And, admittedly, prior to the first SGA election, I was pretty clueless as to what SGA was because SGA was not a big deal at my high school. To be more truthful, I didn't understand the full extent of SGA until now while the SGA presidential race is happening.

Greek life isn't bad and those that are a part of Greek life aren't bad. The SGA isn't bad and those that are a member of the SGA aren't bad. It just feels like Greek life and SGA goes hand-in-hand for those that are independent and makes being involved on campus that much harder.

Those who ran for SGA will promote the fact they are a part of a sorority or fraternity, and thus, represent the student body; however, if only 20% of Troy's campus is Greek, how is this true? Something like this is what I mean. There's a lack of awareness that there is more to this campus than SGA and Greek life.

There just needs to be more attention brought to the lack of awareness of those who aren't Greek nor SGA.

For example, during Homecoming, independent organizations participated with the frats and sororities in events such as chalk the quad and making banners. Not one independent organization was promoted for chalk the quad, and I know, as a member of an independent organization, we had to ask to be recognized for winning a place for our banner. I am grateful that we were at least recognized but it shouldn't feel like fighting a war to be recognized alongside Greek organizations for completing the same activities.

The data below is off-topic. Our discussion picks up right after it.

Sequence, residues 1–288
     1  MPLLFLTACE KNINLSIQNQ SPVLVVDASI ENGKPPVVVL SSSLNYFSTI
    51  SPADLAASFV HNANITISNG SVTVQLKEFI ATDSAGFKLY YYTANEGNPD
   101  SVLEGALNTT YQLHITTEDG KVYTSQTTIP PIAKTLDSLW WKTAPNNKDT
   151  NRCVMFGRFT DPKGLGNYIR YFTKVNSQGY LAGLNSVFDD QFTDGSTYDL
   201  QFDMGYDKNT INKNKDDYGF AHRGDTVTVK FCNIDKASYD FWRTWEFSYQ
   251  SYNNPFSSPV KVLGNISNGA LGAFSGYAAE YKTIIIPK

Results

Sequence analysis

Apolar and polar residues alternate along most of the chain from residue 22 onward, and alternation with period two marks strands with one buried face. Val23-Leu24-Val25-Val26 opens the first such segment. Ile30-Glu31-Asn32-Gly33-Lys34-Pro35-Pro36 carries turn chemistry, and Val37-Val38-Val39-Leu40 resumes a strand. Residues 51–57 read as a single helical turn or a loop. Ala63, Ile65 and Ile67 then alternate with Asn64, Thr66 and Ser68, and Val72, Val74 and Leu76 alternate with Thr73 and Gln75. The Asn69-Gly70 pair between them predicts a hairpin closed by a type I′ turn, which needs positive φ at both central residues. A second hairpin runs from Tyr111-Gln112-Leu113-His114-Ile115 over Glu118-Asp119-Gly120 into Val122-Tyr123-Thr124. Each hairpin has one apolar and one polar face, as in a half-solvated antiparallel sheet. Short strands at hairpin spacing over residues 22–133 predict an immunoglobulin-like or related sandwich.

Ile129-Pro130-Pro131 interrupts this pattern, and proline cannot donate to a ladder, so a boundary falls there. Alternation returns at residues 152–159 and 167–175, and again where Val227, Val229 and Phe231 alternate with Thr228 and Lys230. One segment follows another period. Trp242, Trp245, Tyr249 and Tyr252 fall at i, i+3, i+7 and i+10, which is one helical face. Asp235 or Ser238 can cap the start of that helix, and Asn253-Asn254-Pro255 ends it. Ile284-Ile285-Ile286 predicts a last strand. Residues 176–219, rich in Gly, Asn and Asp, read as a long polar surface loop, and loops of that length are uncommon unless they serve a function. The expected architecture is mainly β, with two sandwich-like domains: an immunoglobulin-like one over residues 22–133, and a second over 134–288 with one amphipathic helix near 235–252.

This is an open plea to the new SGA President -- bring students together, all students because that is what will make Troy University a stronger college.

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Avatar: The Last Airbender Is Still Iconic, And Here's Why

Although it's a children's cartoon from the 2000s, ATLA remains one of the greatest shows ever made.

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Avatar: The Last Airbender ended in 2008, but I've watched the full series at least ten other times since then. I was a big fan of ATLA when it was first airing, but sometimes I marvel at how lasting it's impact is over a decade later. I've seen ATLA bumper stickers and tattoos depicting the four elements, not mention that I myself have a "Jasmine Dragon" sticker on my laptop resembling the Starbucks logo. ATLA was incredible. It's witty, fun, emotionally impactful, interesting in plot, and filled with relatable characters. "Korra" was a nice attempt to follow up on a passionate fanbase, but it ultimately didn't resonate with viewers to the same degree. That said, sometimes people wonder why I'm still so invested in a kid's cartoon from the 2000s. Here's why.

The show referenced a variety of cultures from around the world

If you've watched the show, you've probably realized that there aren't actually any "white" characters in the Avatar-verse. Not that European cultures aren't valid, but it is notable that the show was created as an appreciation of cultures that often go overlooked. The art and music were heavily influenced by East and South Asia, and the different nations clearly reference Asian and indigenous traditions. Earth Kingdom cities were based off of real cities in East Asia, and the culture depicted drew from various East Asian nations as well. The same applies to the fire nation, which was originally modeled off of Japan and China. The water tribes have their foundations in Inuit and Sireniki cultures, and the air nomads are based on Tibetans, Sri Lankan Buddhists, and Shaolin Monks. There are many other historical references throughout "Avatar," including a nod to ancient Mesopotamia in the Sun Warriors.